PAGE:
It wasn’t that long ago when 600cc supersport machines were the cornerstone of the sportbike market. Although the 1000cc sportbikes were (and still are) the company flagships, the real battles were fought in the 600cc trenches, where R&D money was spent full-tilt as OEMs fought for performance superiority — which translated to increased sales. The reason? Sales for 600cc sportbikes vastly outnumbered the 1000cc category, in many cases by more than a 2:1 ratio.
It was a tough battlefield too, especially when eking out just one or two horsepower more was a tall order in a category where engines were basically putting out the horsepower per displacement equivalent of a Formula 1 engine. Frequent new model updates were the norm, with a couple of manufacturers on one or two occasions not even waiting for the already hyper-quick two-year upgrade time sequence, and releasing a revised model the following year! Needless to say, the excitement in the sportbike market usually revolved around the 600cc class as potential buyers salivated whenever the new model season arrived.
But after several decades of being the bread and butter of the sportbike market, 600cc supersport sales have now plummeted. And I’m not referring to the decrease in overall sales that can be attributed to the worldwide economic crisis in which we are still trying to climb out of. With several OEMs, the drop has been enough that literbike sales have actually surpassed 600cc sales in a few instances. What happened?
The reason is the bank industry’s drastically tightened money-lending policies after the mortgage shell game some of its members were playing finally caught up with them. When the economy was booming, banks were seemingly giving out loans to anyone with a heartbeat. With probably 99 percent of all bike purchases made via credit, many consumers found they could more easily afford the loan and insurance payments on a 600cc bike than a literbike. Led by the 600cc supersport class, sportbike sales continued to climb at a double-digit rate, even while the cruiser market sales started to sputter from its previous astronomical growth.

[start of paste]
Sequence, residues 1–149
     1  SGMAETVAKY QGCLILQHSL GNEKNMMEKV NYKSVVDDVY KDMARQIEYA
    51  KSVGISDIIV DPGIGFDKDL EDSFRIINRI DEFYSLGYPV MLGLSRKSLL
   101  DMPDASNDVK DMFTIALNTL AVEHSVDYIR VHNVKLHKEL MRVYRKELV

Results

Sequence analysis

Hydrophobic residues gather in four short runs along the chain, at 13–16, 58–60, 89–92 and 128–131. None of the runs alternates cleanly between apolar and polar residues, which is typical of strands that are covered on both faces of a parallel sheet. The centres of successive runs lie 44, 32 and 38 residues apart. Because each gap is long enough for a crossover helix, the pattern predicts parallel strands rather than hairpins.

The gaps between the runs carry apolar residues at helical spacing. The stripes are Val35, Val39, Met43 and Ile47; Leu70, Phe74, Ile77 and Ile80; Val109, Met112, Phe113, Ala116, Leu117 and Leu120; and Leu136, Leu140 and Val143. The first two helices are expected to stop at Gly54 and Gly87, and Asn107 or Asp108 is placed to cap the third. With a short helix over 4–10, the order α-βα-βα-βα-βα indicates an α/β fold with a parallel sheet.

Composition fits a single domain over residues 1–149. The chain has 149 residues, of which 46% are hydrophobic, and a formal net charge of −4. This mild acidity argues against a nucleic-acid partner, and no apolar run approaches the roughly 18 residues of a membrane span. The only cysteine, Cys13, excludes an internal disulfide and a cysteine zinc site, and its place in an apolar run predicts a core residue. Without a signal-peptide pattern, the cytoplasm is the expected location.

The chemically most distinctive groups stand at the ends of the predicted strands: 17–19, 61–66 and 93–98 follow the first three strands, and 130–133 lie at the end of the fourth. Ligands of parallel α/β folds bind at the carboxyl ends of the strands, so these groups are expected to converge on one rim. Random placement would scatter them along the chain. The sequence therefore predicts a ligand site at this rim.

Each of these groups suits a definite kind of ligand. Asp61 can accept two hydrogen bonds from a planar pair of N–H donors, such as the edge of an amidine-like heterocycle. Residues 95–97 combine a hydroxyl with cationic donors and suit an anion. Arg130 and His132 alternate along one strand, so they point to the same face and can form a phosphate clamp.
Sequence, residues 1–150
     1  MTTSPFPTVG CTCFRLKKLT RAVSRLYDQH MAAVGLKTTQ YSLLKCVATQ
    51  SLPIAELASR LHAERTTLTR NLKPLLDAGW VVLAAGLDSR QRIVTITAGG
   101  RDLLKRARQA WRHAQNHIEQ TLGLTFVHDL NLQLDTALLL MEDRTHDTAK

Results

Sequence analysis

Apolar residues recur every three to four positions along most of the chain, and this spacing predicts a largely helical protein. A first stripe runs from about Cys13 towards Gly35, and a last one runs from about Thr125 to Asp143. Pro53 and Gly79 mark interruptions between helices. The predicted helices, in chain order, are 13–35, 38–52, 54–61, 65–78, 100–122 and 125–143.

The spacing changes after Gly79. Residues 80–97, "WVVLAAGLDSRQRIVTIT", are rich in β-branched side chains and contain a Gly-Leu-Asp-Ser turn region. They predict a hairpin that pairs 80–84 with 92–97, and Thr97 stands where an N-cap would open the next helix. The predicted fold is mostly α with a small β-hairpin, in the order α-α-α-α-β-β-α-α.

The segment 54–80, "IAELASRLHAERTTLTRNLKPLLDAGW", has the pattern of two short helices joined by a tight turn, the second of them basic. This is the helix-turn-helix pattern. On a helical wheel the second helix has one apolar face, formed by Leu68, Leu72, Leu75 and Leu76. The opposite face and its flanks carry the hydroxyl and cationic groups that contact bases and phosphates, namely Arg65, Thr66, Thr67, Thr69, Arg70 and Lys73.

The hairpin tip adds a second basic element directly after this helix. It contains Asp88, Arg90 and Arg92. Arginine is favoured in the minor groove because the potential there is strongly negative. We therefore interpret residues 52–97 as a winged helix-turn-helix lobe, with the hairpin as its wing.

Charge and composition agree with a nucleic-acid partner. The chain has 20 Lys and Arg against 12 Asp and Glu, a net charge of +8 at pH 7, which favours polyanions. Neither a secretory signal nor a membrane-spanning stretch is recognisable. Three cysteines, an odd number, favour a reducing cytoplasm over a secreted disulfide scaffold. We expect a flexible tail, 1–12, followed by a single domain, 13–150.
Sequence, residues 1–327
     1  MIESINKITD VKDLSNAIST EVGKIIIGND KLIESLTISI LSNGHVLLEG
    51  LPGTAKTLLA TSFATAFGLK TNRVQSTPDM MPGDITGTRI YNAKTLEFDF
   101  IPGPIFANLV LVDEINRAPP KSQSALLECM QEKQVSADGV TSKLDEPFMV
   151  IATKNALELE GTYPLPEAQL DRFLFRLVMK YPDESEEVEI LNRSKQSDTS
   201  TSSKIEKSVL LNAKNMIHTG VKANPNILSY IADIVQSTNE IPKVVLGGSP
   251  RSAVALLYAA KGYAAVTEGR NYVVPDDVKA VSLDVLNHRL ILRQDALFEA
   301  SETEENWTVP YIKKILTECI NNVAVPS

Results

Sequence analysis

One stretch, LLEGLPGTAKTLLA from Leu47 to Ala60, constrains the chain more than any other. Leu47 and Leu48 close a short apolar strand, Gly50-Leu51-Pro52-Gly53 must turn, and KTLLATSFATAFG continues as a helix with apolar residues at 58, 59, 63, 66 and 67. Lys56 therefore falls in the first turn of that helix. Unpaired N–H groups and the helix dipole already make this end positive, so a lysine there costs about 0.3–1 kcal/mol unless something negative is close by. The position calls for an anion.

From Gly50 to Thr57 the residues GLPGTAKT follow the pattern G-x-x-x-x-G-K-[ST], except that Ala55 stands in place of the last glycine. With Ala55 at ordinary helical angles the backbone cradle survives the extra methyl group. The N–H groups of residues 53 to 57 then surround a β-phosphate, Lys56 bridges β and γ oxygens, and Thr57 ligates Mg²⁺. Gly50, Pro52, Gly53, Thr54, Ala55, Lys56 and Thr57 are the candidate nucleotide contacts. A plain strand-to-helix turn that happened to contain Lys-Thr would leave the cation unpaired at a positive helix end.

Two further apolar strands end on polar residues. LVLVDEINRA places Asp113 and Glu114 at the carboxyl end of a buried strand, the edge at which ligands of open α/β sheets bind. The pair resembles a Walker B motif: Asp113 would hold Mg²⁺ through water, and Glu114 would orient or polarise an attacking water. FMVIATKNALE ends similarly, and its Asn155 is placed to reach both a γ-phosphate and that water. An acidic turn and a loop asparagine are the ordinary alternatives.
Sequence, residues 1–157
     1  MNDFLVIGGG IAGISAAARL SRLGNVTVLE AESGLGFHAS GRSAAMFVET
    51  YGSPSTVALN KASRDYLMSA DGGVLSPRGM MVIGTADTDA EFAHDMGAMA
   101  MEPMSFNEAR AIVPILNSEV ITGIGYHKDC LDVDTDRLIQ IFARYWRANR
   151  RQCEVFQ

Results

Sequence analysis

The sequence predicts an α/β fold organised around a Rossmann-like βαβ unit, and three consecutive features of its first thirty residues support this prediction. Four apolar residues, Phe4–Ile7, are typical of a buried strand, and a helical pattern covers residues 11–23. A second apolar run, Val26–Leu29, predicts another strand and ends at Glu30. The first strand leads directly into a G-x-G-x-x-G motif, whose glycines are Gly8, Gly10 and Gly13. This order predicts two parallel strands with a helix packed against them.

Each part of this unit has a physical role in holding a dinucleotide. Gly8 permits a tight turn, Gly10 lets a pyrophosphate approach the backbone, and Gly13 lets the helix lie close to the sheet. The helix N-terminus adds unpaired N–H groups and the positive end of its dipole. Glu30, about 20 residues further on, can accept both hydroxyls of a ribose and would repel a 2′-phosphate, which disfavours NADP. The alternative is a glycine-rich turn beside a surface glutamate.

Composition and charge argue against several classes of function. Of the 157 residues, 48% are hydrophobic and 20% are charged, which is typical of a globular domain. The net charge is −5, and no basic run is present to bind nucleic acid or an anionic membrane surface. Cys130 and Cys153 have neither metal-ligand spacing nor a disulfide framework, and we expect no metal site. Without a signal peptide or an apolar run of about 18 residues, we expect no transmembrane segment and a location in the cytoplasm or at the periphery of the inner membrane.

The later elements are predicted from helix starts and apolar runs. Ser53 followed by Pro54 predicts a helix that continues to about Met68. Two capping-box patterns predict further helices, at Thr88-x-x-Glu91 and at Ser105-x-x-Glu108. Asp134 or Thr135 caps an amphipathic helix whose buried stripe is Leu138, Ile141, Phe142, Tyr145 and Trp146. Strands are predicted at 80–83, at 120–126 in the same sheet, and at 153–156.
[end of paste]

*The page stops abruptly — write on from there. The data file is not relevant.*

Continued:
Once the economic crisis was in full swing, however, banks quickly tightened up their purse strings in order to survive. For quite a few years, even if you had near-perfect credit, you weren’t qualifying for a loan unless someone with excellent credit cosigned off on it.
Granted, the lending policies have loosened up by now — but not by much. Potential borrowers still must show an extensive (and clean) credit record, with plenty of collateral to give the bank some default security. And the vast majority of people in that position are older, more affluent buyers who want — and can afford the cost of owning — a $15K literbike (this also partially explains how many European manufacturers producing bikes on the higher end of the cost scale are announcing continued sales growth in a still-challenged economy).
The more difficult access to credit for the under-30 age market (the primary group responsible for 600cc supersport sales) in addition to the double-whammy faced by the Japanese OEMs of the yen/dollar mismatch — which has made their products more expensive, such as 600s now costing well over $11K — has surely impeded any meaningful recovery for that class of bikes. Many other motorcycle categories have shown signs of recovery…while 600cc supersport sales remain anemic.
That 600cc sales drop hasn’t been lost on the factories, either. While a lot of the justification behind the concentration of R&D on literbikes can be attributed to Superbike racing homologation reasons (ever-tightening rules are decreasing the amount of modifications, meaning the production package the racebikes are based upon becomes increasingly important), it’s no surprise that the only update of a 600cc supersport machine since 2009 has been the Suzuki GSX-R600 — and those updates were relatively minor. Meanwhile, the literbike class has seen numerous significantly upgraded models introduced, with more sure to come.
I’m not sure if easier means of purchasing a 600 supersport model would be the solution to the category’s current sales woes. It definitely needs an injection of excitement; with very few new models for several years, all the attention has been on the literbike class. Let’s hope that the OEMs decide to upgrade the 600 supersport class soon.